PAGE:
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La Curia Romana  



Mission of   
His Excellency Archbishop Paul Josef Cordes 
President of the Pontifical Council "Cor Unum"  
 Sent by  
Pope John Paul II  
to Mozambique in Response to Floods  

9 - 12 March 2000 


           Pope John Paul II was one of the first to call public attention to the situation in Mozambique after the devastation caused by flooding this past month. Already in Cairo on 25 February, during his visit to Egypt, the Holy Father launched an appeal for assistance for the population of Mozambique, which is one of the poorest countries on the suffering continent of Africa. In this country the missionaries and the workers of Caritas Mozambique were the first to systematically respond to the catastrophe - even before the Government - because they are familiar with the population and have direct contact with the people. Thus they were in the position to save many whose lives were severely threatened. In Mozambique there are about 20 religious Institutes: Vincentians Sisters of Charity, Daughters of St. Paul, Sisters of the Presentation of Mary, Sisters of the Sacred Heart of Mary, Dominican Sisters, Missionaries of Charity; Combonian Fathers, Dehonian Fathers, Consolata Missionary Fathers, Vincentian Fathers - just to name a few.   

           It seems that all the survivors have by now been saved. Mozambique covers a territory which is twice the size of Italy. Vast areas are usually without any means of communication (telephone, radio, etc.) and are sparsely populated.   About two million people suffered as a result of the flooding, the greatest impact being in the rural areas but the effects were also felt in cities. I visited refugee camps in Maputo and Chibuto. There the people seemed apathetic, without reactions, as if in the state of shock. I met a couple who had lost two children, women who had just given birth, lines of sick looking for medicines for illness such as malaria, cholera, etc.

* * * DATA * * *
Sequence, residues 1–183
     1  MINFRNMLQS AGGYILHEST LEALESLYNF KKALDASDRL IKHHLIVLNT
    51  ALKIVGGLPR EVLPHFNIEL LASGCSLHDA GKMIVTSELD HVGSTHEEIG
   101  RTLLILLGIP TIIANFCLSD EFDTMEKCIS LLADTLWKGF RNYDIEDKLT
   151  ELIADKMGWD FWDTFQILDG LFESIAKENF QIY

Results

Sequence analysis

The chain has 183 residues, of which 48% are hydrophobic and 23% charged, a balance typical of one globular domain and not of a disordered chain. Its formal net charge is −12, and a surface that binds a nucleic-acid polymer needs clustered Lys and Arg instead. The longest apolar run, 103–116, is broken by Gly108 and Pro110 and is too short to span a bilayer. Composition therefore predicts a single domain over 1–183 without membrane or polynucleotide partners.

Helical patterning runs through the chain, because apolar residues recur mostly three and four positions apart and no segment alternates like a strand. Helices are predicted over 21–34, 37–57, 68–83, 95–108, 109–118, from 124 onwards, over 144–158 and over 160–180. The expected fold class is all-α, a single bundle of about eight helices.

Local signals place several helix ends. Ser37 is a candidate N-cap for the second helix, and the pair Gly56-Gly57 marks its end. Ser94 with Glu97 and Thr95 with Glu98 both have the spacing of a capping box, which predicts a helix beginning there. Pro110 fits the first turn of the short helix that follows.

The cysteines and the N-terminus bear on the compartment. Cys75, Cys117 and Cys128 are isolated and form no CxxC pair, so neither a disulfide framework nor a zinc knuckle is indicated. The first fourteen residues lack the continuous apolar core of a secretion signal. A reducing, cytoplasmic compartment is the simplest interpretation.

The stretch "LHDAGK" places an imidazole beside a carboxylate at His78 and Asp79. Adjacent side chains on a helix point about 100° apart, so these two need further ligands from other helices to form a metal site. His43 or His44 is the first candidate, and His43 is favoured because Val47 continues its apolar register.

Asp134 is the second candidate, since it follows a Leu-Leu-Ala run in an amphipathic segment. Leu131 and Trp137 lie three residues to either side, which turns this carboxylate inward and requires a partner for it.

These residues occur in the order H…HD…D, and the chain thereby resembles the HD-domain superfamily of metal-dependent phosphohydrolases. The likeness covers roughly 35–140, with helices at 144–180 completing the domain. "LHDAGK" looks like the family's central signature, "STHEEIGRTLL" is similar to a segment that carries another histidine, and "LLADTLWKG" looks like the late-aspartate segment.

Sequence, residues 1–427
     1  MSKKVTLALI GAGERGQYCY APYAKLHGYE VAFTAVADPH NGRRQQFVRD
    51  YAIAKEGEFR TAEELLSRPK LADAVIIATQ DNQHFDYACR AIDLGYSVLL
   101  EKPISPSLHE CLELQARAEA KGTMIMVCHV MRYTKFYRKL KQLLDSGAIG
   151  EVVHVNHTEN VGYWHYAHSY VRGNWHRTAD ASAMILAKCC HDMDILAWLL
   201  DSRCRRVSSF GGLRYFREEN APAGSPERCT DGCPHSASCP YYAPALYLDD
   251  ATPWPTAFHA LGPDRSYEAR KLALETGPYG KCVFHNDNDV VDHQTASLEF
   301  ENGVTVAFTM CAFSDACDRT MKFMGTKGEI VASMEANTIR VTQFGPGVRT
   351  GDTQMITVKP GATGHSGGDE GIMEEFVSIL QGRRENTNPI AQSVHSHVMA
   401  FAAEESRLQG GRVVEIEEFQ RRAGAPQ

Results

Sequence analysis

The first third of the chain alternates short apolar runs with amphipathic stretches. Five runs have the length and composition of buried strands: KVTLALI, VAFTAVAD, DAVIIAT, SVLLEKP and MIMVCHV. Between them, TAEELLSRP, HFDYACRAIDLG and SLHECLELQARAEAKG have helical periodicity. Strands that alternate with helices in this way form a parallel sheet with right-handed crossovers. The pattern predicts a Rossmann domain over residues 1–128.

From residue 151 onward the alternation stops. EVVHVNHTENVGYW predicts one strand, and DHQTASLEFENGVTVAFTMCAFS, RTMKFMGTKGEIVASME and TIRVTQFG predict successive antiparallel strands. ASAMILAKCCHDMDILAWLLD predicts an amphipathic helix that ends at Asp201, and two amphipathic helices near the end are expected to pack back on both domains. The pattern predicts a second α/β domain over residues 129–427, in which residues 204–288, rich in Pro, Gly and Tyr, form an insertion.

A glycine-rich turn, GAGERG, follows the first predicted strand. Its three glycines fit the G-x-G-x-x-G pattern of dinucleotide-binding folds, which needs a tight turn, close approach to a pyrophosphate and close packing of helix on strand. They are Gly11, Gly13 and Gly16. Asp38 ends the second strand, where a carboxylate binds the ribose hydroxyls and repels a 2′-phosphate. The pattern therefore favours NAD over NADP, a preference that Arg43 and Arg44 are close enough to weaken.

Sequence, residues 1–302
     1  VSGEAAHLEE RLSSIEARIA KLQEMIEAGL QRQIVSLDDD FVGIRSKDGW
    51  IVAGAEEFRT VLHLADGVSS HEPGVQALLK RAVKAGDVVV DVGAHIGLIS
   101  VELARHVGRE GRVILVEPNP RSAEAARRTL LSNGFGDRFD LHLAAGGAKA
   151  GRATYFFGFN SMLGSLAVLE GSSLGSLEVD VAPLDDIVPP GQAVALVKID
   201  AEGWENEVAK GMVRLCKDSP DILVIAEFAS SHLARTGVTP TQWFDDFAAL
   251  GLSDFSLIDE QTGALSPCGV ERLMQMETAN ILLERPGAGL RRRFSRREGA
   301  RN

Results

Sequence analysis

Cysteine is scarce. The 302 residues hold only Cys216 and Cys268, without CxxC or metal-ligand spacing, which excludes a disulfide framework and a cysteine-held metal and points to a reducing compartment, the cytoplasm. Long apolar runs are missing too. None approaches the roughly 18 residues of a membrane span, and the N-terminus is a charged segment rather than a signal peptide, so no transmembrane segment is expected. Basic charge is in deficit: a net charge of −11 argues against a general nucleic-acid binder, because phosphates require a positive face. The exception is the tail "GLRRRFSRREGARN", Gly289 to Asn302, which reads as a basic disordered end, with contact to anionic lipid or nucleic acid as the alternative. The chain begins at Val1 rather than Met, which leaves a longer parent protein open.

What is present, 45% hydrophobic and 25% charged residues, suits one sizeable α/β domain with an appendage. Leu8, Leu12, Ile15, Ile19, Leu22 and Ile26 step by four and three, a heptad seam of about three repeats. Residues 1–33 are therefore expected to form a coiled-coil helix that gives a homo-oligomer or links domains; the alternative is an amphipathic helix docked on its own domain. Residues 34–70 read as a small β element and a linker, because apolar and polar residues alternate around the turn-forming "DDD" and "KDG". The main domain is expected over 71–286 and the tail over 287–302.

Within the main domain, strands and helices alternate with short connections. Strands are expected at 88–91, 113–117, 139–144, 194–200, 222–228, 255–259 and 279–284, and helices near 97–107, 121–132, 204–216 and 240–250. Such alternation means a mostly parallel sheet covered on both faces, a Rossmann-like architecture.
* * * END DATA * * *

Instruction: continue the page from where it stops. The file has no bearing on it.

The force of the water was incredible. Sister Maddalena, an Italian, told how she was able to be saved from the current thanks only to the young men who had the strength in their arms to hold on to the roof of the hospital where she was working. Near the city of Xaixai the Limpopo River arrives at a width of 12 kilometers. Sixty percent of the city is flooded. The number of people impacted approached approximately 40-50 thousand. About 100 are dead. "These days have provoked more trauma than in all the years of the civil war" one Sister said to me.